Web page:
“We have everything that a larger golf course operation would have,” says Evans resident O’Neil Crouch, a former golf course superintendent and Operation Double Eagle program director. “They get to learn real-world problems. If we have to, we create problems.”
The students also take field trips to local golf courses such as Champions Retreat and Forest Hills Golf Club as well as Belle Meade Country Club in Thomson. They also have helped prepare the course at East Lake Golf Club in Atlanta for the Tour Championship.
“Veterans love to be outside. They love working in tough nature conditions. They love working in teams,” Johnson says.
In addition, the program covers golf course etiquette and what to expect when working on a golf course and introduces students to industry sales representatives.
“We try to expose them to everything possible so they can make a decision,” says Crouch. “We’ve had a few graduates that have started their own business or more veterans support programs.”
The Right Fit
Warriors have to go through a three-tiered application review and assessment before they are accepted into Operation Double Eagle. “You have to educate veterans and find people that are right for the program,” says Johnson.
As part of his responsibilities, Tindell recruits students and vets the military applicants. He conducts an overall evaluation of the soldiers to assess each individual’s attitude, aptitude, academics and achievement.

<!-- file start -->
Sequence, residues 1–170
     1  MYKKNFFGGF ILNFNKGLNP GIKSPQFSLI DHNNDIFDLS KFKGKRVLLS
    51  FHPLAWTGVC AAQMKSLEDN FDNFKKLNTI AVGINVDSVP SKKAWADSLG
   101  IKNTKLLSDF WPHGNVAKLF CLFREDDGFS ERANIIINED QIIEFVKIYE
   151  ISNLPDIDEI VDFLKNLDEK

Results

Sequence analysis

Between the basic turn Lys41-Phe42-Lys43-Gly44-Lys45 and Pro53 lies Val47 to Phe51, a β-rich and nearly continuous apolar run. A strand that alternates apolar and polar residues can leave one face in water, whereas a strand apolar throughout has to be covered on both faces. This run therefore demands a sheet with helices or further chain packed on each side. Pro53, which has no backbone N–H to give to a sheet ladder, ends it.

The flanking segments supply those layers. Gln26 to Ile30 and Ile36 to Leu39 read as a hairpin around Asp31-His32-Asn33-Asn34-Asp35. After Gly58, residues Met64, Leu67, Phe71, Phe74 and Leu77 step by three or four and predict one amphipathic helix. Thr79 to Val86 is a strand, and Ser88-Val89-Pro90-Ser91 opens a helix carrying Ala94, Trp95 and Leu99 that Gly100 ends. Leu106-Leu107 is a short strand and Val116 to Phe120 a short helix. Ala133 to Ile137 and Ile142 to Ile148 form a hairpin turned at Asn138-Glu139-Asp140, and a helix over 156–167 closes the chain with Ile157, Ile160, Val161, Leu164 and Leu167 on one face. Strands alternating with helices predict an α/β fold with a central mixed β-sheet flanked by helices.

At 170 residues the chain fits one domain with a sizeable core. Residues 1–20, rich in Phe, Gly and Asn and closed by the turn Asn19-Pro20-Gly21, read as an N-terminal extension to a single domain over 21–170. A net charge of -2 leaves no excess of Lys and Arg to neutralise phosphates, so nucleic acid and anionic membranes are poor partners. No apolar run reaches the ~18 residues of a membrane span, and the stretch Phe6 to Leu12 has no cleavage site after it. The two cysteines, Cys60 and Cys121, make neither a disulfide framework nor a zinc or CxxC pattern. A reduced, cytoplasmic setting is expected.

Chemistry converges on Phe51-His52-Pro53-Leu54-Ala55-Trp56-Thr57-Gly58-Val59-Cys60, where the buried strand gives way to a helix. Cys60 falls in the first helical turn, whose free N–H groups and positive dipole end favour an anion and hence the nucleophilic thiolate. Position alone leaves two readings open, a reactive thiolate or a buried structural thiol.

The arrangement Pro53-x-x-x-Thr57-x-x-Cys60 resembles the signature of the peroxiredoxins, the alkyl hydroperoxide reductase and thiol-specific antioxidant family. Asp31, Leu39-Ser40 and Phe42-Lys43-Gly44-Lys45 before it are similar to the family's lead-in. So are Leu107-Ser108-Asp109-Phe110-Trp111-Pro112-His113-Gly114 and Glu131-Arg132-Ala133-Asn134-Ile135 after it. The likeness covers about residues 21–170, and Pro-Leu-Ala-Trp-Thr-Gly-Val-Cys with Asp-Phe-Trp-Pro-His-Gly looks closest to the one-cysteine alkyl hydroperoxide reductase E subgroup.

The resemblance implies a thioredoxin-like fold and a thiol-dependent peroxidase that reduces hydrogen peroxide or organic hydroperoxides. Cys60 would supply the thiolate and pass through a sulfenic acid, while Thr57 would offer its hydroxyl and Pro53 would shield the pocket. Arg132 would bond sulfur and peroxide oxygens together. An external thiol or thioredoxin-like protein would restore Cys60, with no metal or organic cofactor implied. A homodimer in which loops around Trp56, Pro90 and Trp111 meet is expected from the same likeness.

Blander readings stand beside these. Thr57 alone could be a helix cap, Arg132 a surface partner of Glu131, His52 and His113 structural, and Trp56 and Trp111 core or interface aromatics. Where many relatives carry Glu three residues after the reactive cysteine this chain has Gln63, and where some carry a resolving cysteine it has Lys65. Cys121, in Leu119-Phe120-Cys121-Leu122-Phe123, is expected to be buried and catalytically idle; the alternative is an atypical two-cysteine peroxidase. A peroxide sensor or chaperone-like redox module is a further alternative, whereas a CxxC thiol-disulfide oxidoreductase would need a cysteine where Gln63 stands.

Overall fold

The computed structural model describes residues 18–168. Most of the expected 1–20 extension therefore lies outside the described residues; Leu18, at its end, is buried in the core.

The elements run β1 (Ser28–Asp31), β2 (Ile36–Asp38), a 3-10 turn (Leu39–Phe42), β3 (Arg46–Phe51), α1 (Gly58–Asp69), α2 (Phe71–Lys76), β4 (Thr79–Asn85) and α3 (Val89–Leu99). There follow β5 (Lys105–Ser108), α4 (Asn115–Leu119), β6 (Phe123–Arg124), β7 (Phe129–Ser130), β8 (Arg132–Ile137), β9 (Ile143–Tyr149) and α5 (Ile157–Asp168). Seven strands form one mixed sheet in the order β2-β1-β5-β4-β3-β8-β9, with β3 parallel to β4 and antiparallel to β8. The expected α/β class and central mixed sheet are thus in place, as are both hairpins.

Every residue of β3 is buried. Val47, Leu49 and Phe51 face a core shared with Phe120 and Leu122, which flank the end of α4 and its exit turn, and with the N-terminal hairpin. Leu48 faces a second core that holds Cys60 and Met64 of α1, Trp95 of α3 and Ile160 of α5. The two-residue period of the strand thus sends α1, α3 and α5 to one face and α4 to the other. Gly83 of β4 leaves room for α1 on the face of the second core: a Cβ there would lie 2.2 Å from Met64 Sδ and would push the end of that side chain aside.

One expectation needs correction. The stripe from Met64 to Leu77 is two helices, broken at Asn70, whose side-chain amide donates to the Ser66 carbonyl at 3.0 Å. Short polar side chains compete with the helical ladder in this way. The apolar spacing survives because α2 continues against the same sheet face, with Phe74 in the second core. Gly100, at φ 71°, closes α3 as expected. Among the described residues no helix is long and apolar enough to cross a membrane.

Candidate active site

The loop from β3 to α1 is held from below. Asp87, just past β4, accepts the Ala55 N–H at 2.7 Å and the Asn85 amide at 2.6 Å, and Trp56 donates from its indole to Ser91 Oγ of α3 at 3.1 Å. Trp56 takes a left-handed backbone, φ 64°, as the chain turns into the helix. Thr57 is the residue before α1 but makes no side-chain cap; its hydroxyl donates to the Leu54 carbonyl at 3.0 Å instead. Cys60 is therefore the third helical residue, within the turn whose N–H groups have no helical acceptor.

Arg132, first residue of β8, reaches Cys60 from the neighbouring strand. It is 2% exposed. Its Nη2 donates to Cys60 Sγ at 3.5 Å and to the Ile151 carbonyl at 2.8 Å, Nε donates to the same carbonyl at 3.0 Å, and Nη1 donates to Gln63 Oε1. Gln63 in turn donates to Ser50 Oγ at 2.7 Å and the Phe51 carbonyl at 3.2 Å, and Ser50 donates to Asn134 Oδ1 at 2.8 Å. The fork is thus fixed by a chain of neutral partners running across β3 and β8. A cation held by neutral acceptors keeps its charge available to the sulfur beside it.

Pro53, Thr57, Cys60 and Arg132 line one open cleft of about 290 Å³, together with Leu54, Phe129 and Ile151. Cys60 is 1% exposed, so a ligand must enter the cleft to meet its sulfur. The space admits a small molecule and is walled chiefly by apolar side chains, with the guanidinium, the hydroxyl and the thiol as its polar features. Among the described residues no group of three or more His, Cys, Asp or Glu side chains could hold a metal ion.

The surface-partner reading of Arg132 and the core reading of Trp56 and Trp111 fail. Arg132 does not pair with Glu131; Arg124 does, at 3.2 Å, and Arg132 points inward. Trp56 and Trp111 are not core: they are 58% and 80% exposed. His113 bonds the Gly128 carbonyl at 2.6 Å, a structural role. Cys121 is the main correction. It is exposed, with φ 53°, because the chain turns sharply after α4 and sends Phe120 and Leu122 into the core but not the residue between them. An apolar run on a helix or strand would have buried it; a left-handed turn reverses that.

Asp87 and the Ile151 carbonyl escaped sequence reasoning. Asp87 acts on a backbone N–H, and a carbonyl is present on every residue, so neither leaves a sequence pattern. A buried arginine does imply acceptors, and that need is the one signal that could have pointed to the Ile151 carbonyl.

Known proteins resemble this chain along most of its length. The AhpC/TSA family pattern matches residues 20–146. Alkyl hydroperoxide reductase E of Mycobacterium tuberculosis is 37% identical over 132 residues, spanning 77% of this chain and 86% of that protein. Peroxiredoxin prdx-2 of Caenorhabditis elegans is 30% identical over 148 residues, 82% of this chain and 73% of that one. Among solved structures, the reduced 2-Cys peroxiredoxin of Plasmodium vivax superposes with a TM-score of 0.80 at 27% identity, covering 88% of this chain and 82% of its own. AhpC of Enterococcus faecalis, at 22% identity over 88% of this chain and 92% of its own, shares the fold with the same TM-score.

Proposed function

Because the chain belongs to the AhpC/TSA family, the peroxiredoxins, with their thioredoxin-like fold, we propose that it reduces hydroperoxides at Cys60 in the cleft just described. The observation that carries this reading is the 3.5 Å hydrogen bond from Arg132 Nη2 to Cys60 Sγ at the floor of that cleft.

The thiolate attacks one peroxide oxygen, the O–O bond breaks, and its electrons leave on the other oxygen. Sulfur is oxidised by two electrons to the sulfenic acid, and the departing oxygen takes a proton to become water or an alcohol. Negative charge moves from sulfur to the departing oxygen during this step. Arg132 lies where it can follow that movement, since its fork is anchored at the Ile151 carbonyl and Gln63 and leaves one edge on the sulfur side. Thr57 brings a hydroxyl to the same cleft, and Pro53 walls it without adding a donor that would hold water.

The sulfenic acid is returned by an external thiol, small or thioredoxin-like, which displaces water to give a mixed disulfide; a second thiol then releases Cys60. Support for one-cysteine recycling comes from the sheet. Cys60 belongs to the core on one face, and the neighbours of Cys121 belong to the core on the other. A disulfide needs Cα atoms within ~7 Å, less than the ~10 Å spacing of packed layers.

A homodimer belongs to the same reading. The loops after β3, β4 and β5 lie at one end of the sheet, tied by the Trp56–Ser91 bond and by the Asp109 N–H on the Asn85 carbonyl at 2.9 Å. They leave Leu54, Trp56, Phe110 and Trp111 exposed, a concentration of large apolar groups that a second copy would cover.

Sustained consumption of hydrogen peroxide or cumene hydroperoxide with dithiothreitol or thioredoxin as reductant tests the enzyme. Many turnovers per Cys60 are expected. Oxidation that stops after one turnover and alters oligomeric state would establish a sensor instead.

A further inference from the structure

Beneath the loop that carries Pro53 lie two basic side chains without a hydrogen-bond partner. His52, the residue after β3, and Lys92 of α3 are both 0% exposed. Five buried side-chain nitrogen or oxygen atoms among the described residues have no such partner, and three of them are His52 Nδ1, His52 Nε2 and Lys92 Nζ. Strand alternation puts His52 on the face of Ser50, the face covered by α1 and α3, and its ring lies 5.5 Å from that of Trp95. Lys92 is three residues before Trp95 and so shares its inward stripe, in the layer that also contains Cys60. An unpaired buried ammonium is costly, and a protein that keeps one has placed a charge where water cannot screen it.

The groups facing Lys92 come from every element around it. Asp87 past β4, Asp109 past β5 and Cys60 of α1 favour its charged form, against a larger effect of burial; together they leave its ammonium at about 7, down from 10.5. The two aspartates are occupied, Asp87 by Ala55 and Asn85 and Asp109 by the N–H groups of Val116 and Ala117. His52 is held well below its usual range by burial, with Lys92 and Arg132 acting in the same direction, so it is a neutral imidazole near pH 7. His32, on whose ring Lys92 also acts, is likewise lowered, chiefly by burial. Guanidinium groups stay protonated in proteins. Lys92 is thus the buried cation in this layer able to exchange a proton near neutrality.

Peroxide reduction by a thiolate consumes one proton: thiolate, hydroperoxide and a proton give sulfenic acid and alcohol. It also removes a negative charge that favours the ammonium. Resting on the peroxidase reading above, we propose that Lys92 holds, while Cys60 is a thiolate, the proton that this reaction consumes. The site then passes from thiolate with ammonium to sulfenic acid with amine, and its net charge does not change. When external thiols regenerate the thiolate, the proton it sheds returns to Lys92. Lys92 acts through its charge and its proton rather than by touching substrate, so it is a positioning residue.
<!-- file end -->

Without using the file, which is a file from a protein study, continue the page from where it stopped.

Operation Double Eagle finds recruits through the Department of Labor, social services organizations, veterans services organizations, career centers, grassroots efforts, word-of-mouth, social media and by visiting military installations.
“When potential students fill out a questionnaire and application online, they self-identify their barriers to employment,” Tindell says. “I contact them and build a personal relationship with them before they join the program.”
Johnson has found that warriors often have difficulty transitioning to civilian life because they lose their network when they leave the military or realize that the work they have been doing does not translate to other employment opportunities. Weber agrees.
“You’re losing that ‘suited and booted’ mentality,” he says. “You knew that what you were doing was important. When you have to stop wearing that uniform for whatever reason, you feel like it’s been taken away from you. There’s a lot of camaraderie in the military that you rarely get in civilian life.”
Veterans lose the team mentality that the military fosters as well. However, Crouch says golf course superintendents sometimes model their maintenance staffs on military groups to build camaraderie.